Tips for home buyers
Here are 8 tips for home buyers:
- Watch your money moving. For three to six months prior to purchasing your first home, it is best not to make any huge purchases, move your money around to different accounts, or open and new credit cards. Lenders are looking to make sure you’re reliable and all of these are red flags.
- Bigger isn’t always better. Your eye might get caught by the biggest, newest, prettiest house on the block. But be warned: bigger is usually not better when it comes to houses. Sometimes the worst house on the block per square foot trades for more than the biggest house.
- Don’t be over emotional. You cannot be tempted by your emotions in every aspect of a home. You might fall in love with certain things, but you’re going to end up heart broken. You may love the yard and wrap around porch, but the lot butts up to a busy mall. Trust your instincts with a home. It’s an investment, so stay calm and be wise.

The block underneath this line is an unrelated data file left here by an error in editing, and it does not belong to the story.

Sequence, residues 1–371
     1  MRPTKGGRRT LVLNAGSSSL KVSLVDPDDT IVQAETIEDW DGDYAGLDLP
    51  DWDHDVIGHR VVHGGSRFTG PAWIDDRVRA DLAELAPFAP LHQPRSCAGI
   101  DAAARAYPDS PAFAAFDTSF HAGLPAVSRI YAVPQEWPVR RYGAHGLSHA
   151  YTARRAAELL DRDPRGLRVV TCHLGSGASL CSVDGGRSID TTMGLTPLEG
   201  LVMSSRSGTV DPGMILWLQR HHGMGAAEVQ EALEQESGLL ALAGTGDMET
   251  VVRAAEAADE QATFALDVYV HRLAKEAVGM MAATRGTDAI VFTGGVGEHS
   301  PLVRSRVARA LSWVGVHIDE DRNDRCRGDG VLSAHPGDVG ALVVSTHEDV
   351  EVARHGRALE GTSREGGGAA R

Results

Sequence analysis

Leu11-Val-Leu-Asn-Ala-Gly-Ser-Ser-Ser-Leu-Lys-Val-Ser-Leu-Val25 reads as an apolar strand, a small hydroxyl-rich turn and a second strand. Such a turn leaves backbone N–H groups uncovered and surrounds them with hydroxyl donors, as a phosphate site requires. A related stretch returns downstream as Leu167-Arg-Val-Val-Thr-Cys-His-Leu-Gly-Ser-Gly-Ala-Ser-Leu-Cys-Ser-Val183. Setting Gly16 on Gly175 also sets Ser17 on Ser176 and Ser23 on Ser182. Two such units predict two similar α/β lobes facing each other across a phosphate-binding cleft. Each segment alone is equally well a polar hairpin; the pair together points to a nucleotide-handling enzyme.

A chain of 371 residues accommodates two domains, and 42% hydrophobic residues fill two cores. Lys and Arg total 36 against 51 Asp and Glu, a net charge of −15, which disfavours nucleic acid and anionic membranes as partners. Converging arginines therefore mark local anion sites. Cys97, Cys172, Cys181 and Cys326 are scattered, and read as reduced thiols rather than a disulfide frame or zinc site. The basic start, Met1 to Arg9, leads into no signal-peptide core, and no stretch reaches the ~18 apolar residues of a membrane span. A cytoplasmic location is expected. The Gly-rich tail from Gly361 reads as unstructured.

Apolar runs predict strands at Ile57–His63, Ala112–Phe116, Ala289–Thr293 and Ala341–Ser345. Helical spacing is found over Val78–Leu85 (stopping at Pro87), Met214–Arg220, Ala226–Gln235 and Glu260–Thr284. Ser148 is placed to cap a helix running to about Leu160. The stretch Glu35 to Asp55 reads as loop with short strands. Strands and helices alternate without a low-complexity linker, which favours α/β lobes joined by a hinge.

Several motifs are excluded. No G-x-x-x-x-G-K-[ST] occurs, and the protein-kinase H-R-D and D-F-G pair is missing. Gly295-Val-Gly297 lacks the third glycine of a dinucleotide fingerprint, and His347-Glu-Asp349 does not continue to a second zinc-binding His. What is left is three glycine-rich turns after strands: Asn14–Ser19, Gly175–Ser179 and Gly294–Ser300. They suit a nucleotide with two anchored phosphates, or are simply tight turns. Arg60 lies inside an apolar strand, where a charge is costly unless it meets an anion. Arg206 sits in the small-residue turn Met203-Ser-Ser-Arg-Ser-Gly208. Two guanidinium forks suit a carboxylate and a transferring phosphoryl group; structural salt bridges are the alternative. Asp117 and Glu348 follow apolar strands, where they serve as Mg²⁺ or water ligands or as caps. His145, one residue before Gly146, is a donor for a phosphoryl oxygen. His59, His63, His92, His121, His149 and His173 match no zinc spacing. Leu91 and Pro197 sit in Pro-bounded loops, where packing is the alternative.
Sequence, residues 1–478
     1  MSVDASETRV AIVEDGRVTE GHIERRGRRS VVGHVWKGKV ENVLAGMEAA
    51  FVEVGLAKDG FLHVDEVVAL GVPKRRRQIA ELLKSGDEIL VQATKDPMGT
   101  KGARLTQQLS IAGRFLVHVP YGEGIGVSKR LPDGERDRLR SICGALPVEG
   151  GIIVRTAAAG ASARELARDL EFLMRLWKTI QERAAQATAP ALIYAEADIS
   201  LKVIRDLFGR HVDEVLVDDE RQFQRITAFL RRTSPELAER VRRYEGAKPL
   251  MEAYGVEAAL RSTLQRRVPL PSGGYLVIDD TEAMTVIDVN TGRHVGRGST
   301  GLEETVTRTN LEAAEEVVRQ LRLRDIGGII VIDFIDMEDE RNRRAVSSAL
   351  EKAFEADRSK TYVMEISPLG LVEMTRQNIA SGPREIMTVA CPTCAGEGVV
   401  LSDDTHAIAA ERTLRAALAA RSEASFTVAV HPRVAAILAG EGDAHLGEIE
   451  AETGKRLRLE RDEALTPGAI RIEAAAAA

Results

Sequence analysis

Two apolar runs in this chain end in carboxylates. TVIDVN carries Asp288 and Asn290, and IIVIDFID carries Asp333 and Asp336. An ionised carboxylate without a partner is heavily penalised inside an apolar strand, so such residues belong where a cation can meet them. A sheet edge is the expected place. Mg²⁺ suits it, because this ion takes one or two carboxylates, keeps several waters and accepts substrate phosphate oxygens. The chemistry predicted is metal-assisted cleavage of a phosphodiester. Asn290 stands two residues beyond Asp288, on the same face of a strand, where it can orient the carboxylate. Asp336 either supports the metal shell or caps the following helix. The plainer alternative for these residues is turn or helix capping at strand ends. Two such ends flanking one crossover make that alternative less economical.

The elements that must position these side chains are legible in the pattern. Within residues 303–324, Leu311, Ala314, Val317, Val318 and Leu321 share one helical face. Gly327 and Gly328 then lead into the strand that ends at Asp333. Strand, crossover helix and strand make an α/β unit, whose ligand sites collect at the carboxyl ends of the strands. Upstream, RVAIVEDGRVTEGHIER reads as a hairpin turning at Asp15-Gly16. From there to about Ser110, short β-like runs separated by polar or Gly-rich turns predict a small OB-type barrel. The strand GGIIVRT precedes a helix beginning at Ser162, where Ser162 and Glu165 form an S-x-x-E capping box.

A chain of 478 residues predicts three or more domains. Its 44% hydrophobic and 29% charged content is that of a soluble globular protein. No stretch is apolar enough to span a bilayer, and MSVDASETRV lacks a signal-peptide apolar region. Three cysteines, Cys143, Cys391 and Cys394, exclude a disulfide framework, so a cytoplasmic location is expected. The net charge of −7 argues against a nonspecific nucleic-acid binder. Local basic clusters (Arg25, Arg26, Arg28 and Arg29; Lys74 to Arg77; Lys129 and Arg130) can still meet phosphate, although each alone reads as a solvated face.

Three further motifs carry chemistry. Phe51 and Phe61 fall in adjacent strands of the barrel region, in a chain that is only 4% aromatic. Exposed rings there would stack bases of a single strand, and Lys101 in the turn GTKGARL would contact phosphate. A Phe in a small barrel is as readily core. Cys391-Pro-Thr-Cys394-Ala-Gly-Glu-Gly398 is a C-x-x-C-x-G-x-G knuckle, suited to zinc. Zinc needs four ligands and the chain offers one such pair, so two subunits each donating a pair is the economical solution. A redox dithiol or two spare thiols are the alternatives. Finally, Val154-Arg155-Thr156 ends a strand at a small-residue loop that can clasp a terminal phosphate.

- Give your house a full check over. Hire a home inspector. This cannot be stressed enough. Spend around $200, but the third-party inspector will let you know about potential thousands if there’s something wrong
- Pay attention to the neighborhood. Before you buy, know where you’re buying. Many homebuyers have realized that they love their home, but find that the neighborhood wasn’t for them. Drive by the house at different times, check the school zones, find out where the nearest grocery store is, and check the crime rates.
- Make a list of items to check: Make tons of copies of a checklist of your must-haves, nice-to-haves and other essentials. Bring them to every home you visit and take lots of pictures. This way you’re making sure the home is right for you.
- Budget for everything: You aren’t just paying principal, interest, taxes and insurance. Figure the costs of utilities, upgrades and repairs, commuting.
- Look beyond the staging: Staging is done for a reason: It works. Homes look far better when they’re staged. Always mentally try to remove the staging. Pay more attention to the layout of the house and the structure itself, because when you buy the home, the staging doesn’t come with it.